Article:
China’s provinces revise 2018 GDP estimates amid questions about economic data quality
- All 31 of China’s provinces have revised their GDP estimates for 2018, with at least 12 publishing smaller amounts than first reported
- Revisions come amid scepticism about the reliability of Chinese economic figures, due to discrepancies between provincial and national economic data
More than a third of China’s provincial governments have downgraded their 2018 gross domestic product estimates following a crackdown from Beijing on local governments falsifying data to exaggerate their economic performance.
Over the past week, all of China’s 31 provinces revised their gross domestic product (GDP) figures for 2018, with at least 12 publishing smaller amounts than first reported.
The revisions would “improve the quality of the regional data” and help investors better assess the status of regional government finances, said Betty Wang, Greater China senior economist at ANZ.
Among the biggest downgrades was from the northern province of Tianjin, which revised its economic output to 1.33 trillion yuan (US$192.5 billion), a plunge of 29 per cent from the previous estimate of 1.88 trillion yuan, according to data on the Tianjin government website.
Jilin, in China’s northeast, published new data showing GDP was 1.13 trillion yuan, a 25 per cent decrease from what it first reported.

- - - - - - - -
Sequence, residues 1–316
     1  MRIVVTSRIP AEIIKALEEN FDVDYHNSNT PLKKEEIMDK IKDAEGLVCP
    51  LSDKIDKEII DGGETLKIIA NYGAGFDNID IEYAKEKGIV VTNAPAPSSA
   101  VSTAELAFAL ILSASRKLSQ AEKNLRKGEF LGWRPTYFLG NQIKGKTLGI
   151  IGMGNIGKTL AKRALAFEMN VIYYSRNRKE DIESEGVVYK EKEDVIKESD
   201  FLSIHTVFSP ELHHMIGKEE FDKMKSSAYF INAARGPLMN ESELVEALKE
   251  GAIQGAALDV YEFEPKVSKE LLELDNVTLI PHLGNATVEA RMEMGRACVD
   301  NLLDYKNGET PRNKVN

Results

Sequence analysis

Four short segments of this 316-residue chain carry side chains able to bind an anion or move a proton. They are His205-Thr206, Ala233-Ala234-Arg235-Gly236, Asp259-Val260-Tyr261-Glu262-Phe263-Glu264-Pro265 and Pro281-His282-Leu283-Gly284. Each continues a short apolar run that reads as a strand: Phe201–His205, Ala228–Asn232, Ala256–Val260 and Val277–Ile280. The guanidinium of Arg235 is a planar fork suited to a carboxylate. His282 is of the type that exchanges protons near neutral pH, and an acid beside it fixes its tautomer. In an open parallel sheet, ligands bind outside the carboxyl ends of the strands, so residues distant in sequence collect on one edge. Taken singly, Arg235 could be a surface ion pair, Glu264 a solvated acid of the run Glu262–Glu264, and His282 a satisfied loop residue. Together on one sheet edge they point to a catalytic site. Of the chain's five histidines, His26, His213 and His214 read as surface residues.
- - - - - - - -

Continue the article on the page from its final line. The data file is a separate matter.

Shandong, a coastal province in the east, also trimmed its overall GDP by 982.1 billion yuan to 6.7 trillion yuan (US$970 billion), a fall of 12.8 per cent, government data showed.
Not all provinces revised down their GDP, however. The southern province of Guangdong, China’s manufacturing hub, increased its 2018 headline figure by 2.74 per cent to 9.99 trillion yuan (US$1.4 trillion), while the financial centre Shanghai upgraded its GDP by 10.2 per cent to 3.6 trillion yuan.
The revised estimates come amid growing interest from foreign investors in Chinese bonds, including local government debt, analysts said. Overseas investors have increased holdings of Chinese debt, with US$324.8 billion worth of outstanding bonds held offshore as of November last year, more than double the amount in 2016, according to China’s central bank.
Beijing has stepped up its supervision of provincial finances since 2015 in a bid to curb debt risks and achieve sustainable growth. Local governments have been accused of faking economic data, inflating revenues and downplaying their debt.
The revision was within the expectation of many analysts after the NBS completed an economic census last year and increased China’s 2018 GDP by 2.1 per cent, mainly due to the rising share of the services sector. The revision gives China more room to lower its growth target in 2020.